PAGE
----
With a lot of optimism the organisers are looking forward to 2021, but I think that the big art fairs will not take place this year either.
A reorientation is necessary. Even small scale exhibitions will have problems attracting an audience as long as the virus dominates our lives. The purchase of art will shift to online sales. And this is where the established gallerists, who have neglected their Internet presences to date, face major challenges.
Photography captures the soul of the moment The camera suggests authenticity and a technical neutrality of values. But images are never just a copy of reality.
Buying through a web site has become the most important channel today: It is possible to view an essential part of the oeuvre of a particular photographer. Through video conferencing you can get extensive advice. And so to make a purchase with confidence. As challenging as this new situation is, it brings a significant new opportunity for collectors and artists to connect.
Buying directly from photographers or their estate administrators, even the most renowned, is the best and safest way to acquire art in the current market conditions, and it gives the collector the opportunity to actively participate in the development of the market value through regular purchases and/or commissions.
Photography and cryptocurrency have found an intersection
The development in the world of crypto currency has given an important boost to the art market and especially the photo market.
Non-fungible tokens (NFTs) are unique, and thus not interchangeable. For the photo market this means that the time of uncertainty about editions and originality of works is finally over.
Until recently, one had to live with the fact that the authenticity of a photo is as good as the word of the seller. For the first time in the history of the art trade, corresponding contracts can now be concluded that are irrevocable and can be viewed and understood by everyone in the blockchain.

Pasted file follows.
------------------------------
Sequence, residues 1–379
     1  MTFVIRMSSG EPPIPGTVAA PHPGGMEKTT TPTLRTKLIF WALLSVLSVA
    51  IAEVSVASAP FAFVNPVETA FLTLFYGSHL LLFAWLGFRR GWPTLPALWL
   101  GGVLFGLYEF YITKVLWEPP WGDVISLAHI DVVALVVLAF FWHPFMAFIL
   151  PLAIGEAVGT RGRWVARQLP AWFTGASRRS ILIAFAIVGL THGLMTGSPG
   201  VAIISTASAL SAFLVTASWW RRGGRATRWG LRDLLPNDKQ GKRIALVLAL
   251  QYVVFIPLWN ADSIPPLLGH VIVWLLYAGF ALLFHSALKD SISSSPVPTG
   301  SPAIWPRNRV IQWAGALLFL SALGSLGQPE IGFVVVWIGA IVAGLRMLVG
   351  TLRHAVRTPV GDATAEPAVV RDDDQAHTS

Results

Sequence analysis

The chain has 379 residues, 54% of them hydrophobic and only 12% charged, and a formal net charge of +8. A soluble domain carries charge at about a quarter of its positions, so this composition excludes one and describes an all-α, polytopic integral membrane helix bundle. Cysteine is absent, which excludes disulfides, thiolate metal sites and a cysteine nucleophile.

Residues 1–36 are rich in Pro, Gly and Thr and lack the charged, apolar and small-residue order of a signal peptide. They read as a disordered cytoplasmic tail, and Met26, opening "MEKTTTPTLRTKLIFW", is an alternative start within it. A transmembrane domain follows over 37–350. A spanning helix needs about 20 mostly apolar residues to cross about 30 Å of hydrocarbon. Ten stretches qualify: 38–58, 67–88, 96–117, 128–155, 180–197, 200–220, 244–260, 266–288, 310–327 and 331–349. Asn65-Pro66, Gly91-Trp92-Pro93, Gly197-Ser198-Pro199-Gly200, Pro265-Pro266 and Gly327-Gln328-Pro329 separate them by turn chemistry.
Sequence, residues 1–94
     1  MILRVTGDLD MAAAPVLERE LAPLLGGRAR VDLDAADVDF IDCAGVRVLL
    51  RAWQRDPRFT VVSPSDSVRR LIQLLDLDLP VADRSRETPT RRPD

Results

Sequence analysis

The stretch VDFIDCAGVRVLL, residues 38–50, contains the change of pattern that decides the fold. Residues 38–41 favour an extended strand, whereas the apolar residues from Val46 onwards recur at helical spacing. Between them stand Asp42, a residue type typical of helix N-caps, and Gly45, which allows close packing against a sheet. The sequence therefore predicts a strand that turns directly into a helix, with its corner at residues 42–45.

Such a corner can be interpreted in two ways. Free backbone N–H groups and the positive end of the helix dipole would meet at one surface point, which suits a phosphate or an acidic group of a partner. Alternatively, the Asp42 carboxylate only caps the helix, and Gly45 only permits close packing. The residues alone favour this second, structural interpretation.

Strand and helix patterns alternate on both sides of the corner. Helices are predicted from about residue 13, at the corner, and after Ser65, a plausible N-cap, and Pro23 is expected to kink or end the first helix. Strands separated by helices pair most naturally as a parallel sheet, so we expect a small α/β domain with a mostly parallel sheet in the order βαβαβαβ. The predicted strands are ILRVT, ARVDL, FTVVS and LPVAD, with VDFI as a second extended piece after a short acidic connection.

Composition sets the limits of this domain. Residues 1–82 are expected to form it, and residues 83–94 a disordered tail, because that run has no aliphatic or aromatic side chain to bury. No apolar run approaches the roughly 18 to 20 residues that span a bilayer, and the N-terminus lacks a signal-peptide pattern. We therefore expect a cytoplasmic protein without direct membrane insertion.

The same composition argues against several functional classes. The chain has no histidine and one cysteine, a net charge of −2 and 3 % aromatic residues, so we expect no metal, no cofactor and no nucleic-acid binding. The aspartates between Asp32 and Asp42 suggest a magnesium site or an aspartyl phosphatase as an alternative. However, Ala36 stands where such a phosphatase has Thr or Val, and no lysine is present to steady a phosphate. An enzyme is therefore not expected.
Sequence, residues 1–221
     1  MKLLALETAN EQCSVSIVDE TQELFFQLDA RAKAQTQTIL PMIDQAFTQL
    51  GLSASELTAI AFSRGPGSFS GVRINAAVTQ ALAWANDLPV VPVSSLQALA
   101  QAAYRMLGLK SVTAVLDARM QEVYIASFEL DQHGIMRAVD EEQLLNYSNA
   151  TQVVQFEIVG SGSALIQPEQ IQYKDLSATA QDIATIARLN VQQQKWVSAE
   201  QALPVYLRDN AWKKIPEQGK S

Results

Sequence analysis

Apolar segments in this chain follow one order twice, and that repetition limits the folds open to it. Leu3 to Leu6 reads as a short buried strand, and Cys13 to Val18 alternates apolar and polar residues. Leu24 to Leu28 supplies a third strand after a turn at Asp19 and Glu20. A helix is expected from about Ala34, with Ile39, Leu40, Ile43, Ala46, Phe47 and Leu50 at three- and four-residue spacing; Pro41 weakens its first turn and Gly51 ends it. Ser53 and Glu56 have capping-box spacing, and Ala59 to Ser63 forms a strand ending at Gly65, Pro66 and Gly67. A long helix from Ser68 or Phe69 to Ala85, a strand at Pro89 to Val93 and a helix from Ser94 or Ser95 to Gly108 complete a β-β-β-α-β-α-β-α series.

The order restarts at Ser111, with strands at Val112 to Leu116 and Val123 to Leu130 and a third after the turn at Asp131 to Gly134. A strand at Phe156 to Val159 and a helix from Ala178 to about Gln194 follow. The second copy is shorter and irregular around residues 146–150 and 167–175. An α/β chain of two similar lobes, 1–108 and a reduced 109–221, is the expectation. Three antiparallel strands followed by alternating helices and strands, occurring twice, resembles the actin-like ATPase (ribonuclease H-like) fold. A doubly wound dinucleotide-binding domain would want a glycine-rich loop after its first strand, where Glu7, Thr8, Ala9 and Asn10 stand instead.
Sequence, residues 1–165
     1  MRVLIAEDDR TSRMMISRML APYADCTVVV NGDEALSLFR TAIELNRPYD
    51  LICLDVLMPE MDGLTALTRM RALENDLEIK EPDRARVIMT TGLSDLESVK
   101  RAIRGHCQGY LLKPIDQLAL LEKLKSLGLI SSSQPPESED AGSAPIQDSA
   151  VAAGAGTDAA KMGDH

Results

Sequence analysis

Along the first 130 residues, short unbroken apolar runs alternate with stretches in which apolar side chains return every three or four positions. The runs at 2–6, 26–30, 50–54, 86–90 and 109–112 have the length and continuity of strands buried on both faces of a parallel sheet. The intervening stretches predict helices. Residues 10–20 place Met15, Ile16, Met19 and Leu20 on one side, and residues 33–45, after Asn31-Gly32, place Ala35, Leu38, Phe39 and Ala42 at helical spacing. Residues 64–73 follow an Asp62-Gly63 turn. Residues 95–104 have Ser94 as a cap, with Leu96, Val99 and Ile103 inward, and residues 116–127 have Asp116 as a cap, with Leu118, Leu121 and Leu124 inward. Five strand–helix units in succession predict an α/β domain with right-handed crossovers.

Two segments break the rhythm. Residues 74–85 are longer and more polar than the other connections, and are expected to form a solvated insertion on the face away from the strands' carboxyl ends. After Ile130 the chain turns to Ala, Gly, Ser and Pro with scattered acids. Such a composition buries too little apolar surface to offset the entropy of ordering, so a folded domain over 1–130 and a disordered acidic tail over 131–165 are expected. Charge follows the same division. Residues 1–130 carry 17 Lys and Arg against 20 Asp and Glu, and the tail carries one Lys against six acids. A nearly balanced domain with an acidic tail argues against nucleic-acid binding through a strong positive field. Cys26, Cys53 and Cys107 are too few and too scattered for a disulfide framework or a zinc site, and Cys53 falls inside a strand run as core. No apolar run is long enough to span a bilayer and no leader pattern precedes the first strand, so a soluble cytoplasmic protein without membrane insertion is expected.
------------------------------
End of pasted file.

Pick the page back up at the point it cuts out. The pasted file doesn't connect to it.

The Bock-Schroeder Foundation is the first organisation in its category to incorporate this new technology into the conduct of its business and to release NFT photographs. This means that every sale of a print, whether a one-off vintage or an edition of a modern print from a negative, will be subject to a binding smart contract in the blockchain.
NFT's will change the market for fine art photography for good.
UNDERSTANDING PHOTO EDITIONS
A limited edition has a fixed number of prints from the beginning of the print run, and the quantity will never change. Limited edition prints are identified by two figures: the unique number of the print and the size of the complete edition.
The first print in a print run of 3 copies for example, will be marked 1/3, and the last work in that run will be marked 3/3. The edition number of a limited edition photograph is written in pencil on the back directly on the photographic paper.
The more editions of a work there are, the more affordable the work should be; and the more works in the edition sell, the more the price increases, usually in gradual steps. Collectors are encouraged to find works that are issued in editions of 10 copies or less. The lower the edition, the rarer the work.
Images published in an edition, are the artist's binding statement about how many prints will be made from that negative. Photography is a reproduced medium. This means that most of the photos you collect are mechanically produced from a negative that was in the camera, or from a copy of that negative.